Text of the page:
Any time we are faced with the unexpected, there’s always one thing that can help improve the outcome: preparedness. And this is no exception when it comes to caring for our pets. Dogs and cats don’t get hurt or sick on a schedule. Sometimes, it always seems to happen at a time when we feel the least prepared. So are you and your pet prepared?

That’s why I want to help you meet unexpected health issues head-on. An Emergency Kit ensures you can care for your pet until they receive necessary professional help, if home care falls short. These items are crucial for travel or emergencies such as hurricanes, wildfires, floods, or any situation requiring the relocation of your pet.

Below are the following list of Common Emergencies and actions we need to perform in order to help our pets during emergency situation. You can go ahead and scroll down to learn about my recommendations for making your own kit at home. 

Pet Emergency Kit Guide for Common Health Issue

Emergencies can strike at any moment, and being prepared can make all the difference. This section provides vital knowledge and supplies for your pet’s well-being, addressing issues from GI upsets to injuries during travel. I’ll walk you through essential strategies for managing these situations – whether you’re at home or on the go.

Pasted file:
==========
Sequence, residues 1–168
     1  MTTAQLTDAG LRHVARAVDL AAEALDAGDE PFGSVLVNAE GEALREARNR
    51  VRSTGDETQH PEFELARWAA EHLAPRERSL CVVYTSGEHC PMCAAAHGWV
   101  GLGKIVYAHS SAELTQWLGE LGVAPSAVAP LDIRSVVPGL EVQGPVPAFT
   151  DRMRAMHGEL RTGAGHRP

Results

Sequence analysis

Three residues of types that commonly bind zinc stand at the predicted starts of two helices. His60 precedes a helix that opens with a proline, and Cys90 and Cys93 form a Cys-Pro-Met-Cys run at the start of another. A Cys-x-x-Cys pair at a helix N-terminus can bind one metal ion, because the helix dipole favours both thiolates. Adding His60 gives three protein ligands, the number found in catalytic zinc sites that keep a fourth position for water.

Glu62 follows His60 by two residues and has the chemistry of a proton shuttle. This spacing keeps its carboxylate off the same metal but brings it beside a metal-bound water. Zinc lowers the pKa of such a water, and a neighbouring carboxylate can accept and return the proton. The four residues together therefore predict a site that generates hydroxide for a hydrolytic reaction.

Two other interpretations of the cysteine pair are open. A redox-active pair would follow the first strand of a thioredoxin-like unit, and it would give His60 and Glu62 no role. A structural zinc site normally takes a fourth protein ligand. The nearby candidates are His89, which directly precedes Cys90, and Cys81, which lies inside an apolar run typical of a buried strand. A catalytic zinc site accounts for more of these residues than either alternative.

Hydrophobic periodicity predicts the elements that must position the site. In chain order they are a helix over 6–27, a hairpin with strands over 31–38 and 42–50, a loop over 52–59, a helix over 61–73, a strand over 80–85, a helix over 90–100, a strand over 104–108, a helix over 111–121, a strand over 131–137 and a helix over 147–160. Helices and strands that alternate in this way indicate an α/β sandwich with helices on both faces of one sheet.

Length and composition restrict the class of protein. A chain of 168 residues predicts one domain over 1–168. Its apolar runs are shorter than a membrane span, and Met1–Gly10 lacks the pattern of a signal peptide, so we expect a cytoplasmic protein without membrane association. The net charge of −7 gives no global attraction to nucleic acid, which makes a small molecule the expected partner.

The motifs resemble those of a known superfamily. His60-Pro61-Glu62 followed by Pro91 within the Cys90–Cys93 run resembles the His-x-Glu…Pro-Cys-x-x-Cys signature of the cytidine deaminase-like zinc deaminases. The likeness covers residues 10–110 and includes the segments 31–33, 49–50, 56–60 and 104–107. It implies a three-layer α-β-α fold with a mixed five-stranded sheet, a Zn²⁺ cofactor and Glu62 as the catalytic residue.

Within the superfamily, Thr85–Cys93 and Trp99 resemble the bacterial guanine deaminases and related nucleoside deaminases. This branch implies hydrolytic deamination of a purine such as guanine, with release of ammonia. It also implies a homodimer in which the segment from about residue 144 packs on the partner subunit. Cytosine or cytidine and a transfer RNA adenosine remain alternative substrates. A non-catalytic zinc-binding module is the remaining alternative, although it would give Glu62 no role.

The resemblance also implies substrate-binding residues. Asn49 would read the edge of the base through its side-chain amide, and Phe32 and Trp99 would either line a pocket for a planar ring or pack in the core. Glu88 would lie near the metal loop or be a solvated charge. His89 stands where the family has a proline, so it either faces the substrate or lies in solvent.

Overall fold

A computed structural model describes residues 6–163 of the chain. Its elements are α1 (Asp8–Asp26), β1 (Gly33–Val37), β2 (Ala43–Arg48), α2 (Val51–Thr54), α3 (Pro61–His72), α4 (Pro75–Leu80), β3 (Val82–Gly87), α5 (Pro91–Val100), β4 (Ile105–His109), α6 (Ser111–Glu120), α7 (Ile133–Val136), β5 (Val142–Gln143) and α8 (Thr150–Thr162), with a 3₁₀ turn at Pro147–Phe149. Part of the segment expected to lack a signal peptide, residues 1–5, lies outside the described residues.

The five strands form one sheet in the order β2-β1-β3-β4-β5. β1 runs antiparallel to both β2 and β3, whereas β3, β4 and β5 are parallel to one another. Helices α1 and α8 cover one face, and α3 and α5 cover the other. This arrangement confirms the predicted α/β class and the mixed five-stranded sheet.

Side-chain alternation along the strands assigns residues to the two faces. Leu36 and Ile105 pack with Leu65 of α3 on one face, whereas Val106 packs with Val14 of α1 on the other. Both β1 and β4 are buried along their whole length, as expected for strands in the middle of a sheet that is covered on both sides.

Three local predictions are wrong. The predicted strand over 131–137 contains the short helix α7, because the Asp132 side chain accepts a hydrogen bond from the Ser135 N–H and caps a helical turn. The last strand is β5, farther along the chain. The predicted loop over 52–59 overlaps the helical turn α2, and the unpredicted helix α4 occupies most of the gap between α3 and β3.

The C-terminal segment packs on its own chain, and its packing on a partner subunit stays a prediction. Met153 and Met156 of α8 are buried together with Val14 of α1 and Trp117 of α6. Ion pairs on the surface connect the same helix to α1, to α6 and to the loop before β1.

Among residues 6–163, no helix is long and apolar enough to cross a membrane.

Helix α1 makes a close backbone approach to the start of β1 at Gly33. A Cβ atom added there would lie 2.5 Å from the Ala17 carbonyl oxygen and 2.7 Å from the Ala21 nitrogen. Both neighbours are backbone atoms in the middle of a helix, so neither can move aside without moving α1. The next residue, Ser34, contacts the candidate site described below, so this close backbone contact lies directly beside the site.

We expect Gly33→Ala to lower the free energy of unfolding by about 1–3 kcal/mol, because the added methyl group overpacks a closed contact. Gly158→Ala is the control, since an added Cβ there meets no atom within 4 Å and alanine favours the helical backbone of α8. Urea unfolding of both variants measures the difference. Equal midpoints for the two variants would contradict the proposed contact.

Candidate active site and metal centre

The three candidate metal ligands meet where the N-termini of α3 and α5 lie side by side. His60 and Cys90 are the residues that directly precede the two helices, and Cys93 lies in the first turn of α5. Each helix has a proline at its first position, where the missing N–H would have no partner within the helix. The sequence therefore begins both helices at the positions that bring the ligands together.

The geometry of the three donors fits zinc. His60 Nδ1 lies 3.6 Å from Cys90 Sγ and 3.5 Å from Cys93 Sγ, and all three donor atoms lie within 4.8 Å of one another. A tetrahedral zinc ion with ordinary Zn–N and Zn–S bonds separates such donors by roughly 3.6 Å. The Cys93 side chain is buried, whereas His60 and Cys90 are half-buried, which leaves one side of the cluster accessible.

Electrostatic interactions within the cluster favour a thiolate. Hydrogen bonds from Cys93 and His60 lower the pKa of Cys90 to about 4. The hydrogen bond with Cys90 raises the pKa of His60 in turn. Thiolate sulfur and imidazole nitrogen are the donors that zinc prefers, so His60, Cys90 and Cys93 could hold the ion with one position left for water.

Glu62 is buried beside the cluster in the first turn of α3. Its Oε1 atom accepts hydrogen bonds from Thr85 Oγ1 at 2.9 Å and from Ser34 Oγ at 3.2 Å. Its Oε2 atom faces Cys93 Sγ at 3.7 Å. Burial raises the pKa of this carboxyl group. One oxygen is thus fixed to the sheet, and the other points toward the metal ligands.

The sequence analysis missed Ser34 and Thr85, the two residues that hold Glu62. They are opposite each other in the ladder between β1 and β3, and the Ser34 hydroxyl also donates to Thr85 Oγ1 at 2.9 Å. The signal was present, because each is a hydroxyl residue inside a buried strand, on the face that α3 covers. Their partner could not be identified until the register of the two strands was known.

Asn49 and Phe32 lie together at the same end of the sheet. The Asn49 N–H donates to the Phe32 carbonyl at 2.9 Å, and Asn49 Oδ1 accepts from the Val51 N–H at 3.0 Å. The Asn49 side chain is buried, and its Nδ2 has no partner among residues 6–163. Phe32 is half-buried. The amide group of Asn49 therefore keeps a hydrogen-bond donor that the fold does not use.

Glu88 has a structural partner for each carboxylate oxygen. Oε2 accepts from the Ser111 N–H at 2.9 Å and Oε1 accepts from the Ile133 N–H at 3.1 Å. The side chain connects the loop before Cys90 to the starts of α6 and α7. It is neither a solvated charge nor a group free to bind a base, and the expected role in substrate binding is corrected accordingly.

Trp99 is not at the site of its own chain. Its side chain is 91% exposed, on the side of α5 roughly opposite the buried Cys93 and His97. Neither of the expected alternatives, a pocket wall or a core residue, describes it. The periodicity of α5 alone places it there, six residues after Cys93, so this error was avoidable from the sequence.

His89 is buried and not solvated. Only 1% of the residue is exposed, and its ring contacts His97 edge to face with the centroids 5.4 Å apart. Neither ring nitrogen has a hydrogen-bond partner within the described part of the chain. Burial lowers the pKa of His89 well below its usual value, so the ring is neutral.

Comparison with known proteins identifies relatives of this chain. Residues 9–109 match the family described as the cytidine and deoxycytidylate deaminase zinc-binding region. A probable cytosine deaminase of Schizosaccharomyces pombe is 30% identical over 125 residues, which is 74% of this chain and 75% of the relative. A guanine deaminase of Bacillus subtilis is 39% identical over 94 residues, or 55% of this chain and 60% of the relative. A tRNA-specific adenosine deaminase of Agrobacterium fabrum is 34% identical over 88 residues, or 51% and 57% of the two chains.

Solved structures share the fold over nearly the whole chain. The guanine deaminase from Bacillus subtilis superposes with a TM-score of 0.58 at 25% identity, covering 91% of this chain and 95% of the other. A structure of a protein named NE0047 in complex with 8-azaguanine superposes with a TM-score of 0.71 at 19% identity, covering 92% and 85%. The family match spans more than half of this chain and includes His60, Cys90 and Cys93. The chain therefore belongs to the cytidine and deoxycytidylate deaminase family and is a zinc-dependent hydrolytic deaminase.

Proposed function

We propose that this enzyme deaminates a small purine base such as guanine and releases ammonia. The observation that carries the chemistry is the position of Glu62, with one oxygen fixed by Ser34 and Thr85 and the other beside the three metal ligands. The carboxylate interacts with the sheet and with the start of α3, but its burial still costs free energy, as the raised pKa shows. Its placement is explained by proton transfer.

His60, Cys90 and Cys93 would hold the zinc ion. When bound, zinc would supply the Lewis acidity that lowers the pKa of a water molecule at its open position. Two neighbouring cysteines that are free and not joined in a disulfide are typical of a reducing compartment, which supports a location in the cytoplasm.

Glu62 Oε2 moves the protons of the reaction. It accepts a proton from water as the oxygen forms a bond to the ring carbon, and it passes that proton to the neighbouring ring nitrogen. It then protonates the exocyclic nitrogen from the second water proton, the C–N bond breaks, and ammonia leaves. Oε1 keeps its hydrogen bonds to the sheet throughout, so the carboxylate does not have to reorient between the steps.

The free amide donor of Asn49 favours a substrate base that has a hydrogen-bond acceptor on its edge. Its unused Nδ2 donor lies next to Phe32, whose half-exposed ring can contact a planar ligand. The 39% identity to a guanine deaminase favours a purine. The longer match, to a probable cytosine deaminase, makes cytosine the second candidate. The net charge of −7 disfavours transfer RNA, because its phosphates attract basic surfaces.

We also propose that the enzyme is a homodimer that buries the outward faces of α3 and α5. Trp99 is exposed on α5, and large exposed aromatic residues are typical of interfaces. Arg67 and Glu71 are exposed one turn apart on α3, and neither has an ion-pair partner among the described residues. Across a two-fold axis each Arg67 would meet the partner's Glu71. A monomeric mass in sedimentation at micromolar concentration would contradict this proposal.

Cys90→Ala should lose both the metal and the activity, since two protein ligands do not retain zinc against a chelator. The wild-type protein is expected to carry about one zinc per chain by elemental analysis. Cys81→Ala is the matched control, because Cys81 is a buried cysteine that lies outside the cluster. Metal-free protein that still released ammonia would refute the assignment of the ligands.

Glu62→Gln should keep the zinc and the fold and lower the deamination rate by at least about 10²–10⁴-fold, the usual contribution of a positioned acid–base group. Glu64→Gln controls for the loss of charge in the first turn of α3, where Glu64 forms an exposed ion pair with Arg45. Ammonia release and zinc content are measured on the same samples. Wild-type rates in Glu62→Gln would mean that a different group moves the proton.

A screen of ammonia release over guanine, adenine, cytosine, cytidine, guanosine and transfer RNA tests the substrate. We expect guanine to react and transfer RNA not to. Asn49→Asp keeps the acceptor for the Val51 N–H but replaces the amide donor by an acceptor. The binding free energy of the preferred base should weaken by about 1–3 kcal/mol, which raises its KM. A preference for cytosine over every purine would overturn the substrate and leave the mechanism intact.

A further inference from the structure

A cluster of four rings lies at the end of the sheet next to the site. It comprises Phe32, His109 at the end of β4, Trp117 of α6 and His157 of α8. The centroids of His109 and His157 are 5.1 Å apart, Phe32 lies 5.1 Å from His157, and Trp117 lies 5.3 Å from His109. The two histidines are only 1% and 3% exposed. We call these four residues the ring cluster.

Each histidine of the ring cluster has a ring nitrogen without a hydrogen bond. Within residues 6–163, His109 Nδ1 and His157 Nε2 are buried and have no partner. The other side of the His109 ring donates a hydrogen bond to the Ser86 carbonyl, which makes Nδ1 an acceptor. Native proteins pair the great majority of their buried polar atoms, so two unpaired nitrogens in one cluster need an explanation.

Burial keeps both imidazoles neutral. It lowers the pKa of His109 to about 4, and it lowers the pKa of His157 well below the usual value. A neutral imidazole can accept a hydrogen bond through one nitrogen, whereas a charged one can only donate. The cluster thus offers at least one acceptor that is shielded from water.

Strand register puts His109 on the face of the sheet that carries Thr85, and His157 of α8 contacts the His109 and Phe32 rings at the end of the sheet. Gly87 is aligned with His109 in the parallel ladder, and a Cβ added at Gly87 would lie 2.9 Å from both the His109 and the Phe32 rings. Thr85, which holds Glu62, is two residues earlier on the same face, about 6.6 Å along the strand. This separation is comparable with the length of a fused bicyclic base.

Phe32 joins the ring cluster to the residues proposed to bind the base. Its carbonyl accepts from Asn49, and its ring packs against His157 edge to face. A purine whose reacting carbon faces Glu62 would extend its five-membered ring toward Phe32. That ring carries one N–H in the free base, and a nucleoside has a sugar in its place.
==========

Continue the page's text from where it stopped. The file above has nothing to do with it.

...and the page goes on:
GI Upset is one of the most common “emergencies” that pet parents face. Since our pets can’t tell us more about why they’re vomiting, this often feels very urgent for pet parents. And while nausea and vomiting can be signs of serious illness, sometimes our pets just get a little tummy upset.

At the first sign of vomiting, you should withhold food for at least twelve hours. Letting your pet’s stomach rest will help it reset and prepare for the next shift. Continue to offer water, and give them some Activated Charcoal in the meantime. Feed them something nice and bland for their first meal (once they’ve made it 12 hours without vomiting), and don’t forget the probiotic. If your pet can’t hold down any water, it’s time to head to the vet.